Authors: Jeff Noble, Mark Vermillion*, and Kewa Foster
Mark Vermillion, PhD
Wichita State University
Department of Sport Management
Wichita, KS 67260-0127
Understanding how athletes interact with coaches is an important topic for not only increasing performance, but also for managing developmental dynamics so often associated with coaching. As a result, the purpose of the research is to examine student-athletes’ perceptions of coaching environments as related to autonomy-supportive motivational climates. Division I (formerly known as Division I AAA) student-athletes were surveyed (n=143) as part of a larger data collection process by the athletic department. Self-determination theory is applied to examine motivation, autonomy, and support, while psychosocial student development theory is used to influence variable selection relating to the student-athlete population. Statistical results indicate an overall positive perception of coaching environments by student-athletes and no differences based upon gender. Regression analyses indicate only 28% of the variance is explained by current variables/questions on athletic department survey instrument with variables of gender, type of sport played, and student classification having little to no statistically significant impact. In accordance with previous research, coaches have the ability to create a positive atmosphere and in this study student-athletes had an overall positive view of their coaches’ ability to develop autonomy-supportive team climates. However, many personal-level factors could account for the large percent of variance not explained by statistical analyses in the current study.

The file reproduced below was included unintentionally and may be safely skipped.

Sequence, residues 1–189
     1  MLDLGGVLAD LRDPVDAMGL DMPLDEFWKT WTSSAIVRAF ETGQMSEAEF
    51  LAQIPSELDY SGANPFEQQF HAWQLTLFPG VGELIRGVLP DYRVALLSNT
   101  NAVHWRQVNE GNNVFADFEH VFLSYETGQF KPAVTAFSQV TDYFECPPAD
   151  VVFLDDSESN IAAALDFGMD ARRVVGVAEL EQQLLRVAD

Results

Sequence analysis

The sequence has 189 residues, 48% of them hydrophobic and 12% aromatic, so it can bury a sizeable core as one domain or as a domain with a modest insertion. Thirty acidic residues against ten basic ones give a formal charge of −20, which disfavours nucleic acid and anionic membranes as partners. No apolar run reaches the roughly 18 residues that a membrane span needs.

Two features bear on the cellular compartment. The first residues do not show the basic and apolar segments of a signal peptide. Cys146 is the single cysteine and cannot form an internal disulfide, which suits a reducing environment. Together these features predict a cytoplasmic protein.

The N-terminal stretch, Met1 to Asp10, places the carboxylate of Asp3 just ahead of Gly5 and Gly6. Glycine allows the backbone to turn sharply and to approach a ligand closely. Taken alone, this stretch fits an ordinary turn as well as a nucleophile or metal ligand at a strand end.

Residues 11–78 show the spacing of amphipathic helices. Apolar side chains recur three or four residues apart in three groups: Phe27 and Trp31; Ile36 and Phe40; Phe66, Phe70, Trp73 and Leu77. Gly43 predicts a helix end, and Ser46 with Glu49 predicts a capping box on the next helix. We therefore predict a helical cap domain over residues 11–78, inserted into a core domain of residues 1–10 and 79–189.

Keywords: student-athletes, motivation, coaching climate, self-determination